A huge corruption scandal over the allocation of fishing quotas broke only weeks before the elections. “Fishrot” involves culprits from Namibia as well as Angola, Iceland and Norway. It revolves around kickbacks for the allocation of Namibian fishing quotas, which are given out by the responsible line ministry. Among those arrested are two former cabinet ministers.
Corruption in high places is well known. It’s common cause in the country that fishing rights are dished out to people who are not connected to fisheries in any way, only to pass them on for a hefty fee.
The most recent case was unusually dramatic with the arrest of top politicians shortly before the elections. But it’s widely considered to be the tip of the iceberg. Both former ministers were due to be back in the National Assembly after the elections, but have now been removed from the Swapo list.
The corruption cases may well add to the lack of trust in the institutional set-up, which appears severely shaken in the aftermath of the elections.
Prior to the polls, expectations were running high for the independent presidential candidate and for opposition parties. This was particularly true among young urban people.
Publication of the official results engendered not just disappointment but chagrin. One cause was the delay of more than 72 hours in the announcement of the results. This was despite the use of new electronic voting machines, which should have expedited the process. In the event, it increased suspicions about manipulation, adding significantly to these concerns.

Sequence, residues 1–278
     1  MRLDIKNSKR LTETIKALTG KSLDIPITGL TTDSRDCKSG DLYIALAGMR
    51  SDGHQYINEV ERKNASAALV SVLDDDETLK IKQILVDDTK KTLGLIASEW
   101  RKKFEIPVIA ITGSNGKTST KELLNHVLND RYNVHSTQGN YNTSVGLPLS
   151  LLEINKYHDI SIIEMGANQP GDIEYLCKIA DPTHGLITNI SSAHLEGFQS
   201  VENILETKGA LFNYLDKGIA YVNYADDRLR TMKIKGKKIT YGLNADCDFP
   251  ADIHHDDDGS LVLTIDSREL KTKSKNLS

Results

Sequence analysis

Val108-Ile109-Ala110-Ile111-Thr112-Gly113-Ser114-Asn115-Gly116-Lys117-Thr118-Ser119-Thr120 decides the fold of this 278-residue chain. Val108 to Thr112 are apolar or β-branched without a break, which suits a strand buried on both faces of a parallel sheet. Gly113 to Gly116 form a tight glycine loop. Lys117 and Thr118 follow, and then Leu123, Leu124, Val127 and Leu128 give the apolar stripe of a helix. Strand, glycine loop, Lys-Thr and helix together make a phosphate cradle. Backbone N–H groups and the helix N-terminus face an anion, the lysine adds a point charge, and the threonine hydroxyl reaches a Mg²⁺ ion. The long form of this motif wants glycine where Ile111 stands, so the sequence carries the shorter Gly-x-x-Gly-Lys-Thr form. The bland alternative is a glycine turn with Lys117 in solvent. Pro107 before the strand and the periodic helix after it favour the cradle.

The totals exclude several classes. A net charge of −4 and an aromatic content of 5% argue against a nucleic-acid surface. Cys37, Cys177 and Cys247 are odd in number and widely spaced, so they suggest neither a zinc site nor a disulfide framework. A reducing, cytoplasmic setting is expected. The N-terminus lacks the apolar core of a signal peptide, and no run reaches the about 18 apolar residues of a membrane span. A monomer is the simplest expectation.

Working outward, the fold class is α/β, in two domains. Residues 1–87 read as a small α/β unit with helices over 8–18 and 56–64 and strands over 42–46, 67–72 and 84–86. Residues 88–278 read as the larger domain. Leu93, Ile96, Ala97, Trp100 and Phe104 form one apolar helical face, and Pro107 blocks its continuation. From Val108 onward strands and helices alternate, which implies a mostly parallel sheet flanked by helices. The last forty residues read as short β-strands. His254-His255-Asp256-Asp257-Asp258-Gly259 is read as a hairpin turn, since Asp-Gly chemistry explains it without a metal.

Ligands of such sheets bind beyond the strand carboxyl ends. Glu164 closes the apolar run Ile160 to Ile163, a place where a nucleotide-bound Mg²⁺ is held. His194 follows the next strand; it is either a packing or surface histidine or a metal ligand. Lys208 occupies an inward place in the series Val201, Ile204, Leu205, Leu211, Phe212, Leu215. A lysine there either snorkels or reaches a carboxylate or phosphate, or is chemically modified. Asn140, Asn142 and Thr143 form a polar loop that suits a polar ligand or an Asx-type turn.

The leader of the newly formed Landless People’s Movement, Bernardus Swartbooi, went as far as to call the election results rigged. He also bemoaned the fact that recourse to the justice system appeared to be meaningless, as the courts had in the past repeatedly sided with the electoral commission, as he stressed at a press conference on 28 November where the present author attended.
For the first time since independence, Namibia’s institutional setup has been called into question. Within the system, there is seemingly no chance to appeal against shortcomings or intentional abuse. The unresponsive attitude taken by the electoral commission added to the misgivings. A range of opposition parties have announced they will consider legal action against the election results.
Swapo faces serious challenges. The perennial issue of gross social inequality is articulated in demands for land, not only for farming, but above all for urban housing; the Fishrot scandal has already rekindled workers’ resistance at the coast. The break-up of Swapo’s two-thirds majority has been hailed by the leader of the official opposition, McHenry Venaani of the Popular Democratic Movement, as a chance to “sanitise the debate in the house”. But formal politics also suffers from an inflated cabinet and attendant spoils system, which permeates the state apparatus. Again, this is related to a budgetary crisis in the face of a persistent economic downswing.
Swapo’s clinging to power in this election may prove to be the opening of a much more dramatic period than has been seen over the three decades since the much-lauded transition to independence in 1990.
Reinhart Kössler is a professor of political science at Freiburg University. Kössler has used research funds from the NRF, available through his position as a visiting professor and research associate at the Institute of Reconciliation and Social Justice, The University of the Free State.
This article was first published by The Conversation.